There are teachers, and then there are teachers who become a part of students’ lives in significant ways. The beginning of the school year was a bittersweet moment: Mrs. Banks was back to teach, but only for one semester. Considering finals are here, there is only a short amount of time to show her love in return for everything she’s done for this school.

Mrs. Banks began her teaching career by instructing fourth graders in Buffalo, New York, where she stayed for three years. She then moved on to Adelphian Academy where she taught physical education. Finally, she moved to Berrien Springs where she worked at Ruth Murdoch Elementary teaching kindergarten for seven years, and then fifth graders for another seven years. She eventually came to Andrews Academy where she has taught health, home economic and physical education classes for eight years.

Banks will be moving to Loma Linda, California, with her husband, John, who is starting a new job at Loma Linda Medical School.

During her time at Andrews Academy Mrs. Banks has not only taught, but created friendships with many students. Many of the students in her classes have made it clear that if it was up to them, she would delay her move to California until they all graduate. In fact, some of the students wanted to show their affection:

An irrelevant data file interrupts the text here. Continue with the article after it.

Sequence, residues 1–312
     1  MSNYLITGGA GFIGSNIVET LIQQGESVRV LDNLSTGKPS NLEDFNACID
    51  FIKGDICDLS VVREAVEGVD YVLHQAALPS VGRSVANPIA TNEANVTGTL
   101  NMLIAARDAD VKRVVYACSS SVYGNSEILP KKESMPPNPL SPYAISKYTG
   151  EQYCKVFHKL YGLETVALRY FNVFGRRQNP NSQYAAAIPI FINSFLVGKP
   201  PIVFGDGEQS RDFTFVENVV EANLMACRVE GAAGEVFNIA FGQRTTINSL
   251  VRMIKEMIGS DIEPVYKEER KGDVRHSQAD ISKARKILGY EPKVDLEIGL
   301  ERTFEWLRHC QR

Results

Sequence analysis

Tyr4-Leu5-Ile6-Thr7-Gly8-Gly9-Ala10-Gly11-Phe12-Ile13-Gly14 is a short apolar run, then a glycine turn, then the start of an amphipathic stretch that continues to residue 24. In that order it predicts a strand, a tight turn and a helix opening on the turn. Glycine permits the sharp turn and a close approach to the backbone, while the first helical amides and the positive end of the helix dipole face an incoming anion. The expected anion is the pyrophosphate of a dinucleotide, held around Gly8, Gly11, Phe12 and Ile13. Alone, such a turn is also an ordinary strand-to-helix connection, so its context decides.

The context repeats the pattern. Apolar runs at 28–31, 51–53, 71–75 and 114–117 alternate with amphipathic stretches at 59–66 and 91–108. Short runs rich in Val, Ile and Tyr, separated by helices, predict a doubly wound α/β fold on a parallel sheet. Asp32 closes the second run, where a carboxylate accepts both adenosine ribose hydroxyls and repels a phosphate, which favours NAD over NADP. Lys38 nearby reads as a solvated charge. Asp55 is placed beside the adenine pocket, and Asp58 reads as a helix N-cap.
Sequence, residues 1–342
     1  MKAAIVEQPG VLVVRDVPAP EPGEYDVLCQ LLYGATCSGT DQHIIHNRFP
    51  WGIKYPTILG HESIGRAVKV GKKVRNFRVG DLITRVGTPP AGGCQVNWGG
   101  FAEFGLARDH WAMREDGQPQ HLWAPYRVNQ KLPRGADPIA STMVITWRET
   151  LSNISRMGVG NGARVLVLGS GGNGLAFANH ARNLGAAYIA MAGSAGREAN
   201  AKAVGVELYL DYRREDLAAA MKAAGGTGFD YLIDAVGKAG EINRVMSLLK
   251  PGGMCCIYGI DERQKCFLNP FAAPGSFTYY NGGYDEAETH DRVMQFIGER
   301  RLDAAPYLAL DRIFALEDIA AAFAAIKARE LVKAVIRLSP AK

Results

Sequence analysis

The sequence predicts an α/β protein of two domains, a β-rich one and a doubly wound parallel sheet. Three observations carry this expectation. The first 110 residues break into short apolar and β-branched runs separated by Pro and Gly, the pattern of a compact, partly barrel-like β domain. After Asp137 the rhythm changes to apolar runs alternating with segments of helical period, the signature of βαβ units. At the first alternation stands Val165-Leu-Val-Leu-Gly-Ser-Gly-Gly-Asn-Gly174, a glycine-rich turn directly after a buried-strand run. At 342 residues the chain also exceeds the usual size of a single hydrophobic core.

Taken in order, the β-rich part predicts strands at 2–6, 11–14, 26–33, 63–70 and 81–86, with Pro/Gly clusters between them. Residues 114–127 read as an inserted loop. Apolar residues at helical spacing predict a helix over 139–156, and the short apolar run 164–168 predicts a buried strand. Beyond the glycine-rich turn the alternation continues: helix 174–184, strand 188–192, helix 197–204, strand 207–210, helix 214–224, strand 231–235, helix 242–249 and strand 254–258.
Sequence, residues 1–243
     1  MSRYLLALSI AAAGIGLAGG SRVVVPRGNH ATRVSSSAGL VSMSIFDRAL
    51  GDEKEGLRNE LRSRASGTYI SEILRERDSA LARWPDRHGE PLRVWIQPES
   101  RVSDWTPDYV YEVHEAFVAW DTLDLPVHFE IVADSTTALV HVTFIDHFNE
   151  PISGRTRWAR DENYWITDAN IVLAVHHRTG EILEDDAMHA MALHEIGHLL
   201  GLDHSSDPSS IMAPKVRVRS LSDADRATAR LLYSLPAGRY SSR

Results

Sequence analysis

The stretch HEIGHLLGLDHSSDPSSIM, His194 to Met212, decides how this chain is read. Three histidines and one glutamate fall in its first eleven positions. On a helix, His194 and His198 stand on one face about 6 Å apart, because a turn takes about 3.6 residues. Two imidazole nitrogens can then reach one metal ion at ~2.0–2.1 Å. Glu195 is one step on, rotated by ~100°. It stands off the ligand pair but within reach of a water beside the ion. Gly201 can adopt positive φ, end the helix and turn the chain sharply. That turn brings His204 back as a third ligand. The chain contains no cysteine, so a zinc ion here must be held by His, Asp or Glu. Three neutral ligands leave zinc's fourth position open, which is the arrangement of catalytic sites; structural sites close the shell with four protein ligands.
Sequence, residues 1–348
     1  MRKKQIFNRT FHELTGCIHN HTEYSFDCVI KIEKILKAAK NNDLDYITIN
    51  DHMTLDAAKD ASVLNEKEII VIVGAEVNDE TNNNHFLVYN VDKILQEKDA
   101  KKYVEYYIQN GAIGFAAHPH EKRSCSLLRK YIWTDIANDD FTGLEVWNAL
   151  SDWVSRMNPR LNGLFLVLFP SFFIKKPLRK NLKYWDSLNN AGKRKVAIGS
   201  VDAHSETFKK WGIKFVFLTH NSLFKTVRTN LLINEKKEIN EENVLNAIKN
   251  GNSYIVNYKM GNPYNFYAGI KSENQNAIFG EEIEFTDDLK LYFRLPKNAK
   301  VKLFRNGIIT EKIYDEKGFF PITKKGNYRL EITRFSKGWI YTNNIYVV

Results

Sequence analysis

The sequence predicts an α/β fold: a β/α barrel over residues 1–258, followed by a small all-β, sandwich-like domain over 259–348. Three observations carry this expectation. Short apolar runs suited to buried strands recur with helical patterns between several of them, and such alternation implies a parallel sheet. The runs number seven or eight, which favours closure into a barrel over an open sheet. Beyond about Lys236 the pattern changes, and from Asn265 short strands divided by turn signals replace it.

“Mrs. Banks is one of my favorite teachers. She is really awesome to talk to and always has a funny story to tell. Mrs. Banks keeps all of my classes interesting and a lot of fun with all of her rants on stupid shoes, John Banks, and people eating in “her” kitchen.  She is still one of the most loved teachers in this school,” said Brandon vonDorpowski, a junior at Andrews Academy.

“[I am going to miss] her laugh, silly comments, attitude, singing in classes.., well, mostly everything about her,” stated James Joo, a sophomore at Andrews Academy.

Sergio Francisco, a senior at Andrews Academy, smiled as he shared, “When I was a freshman, I remember I told her that I was going to be in her class next semester.  Her only response was ‘Don’t threaten me’. But it’s alright; we’re cool now!”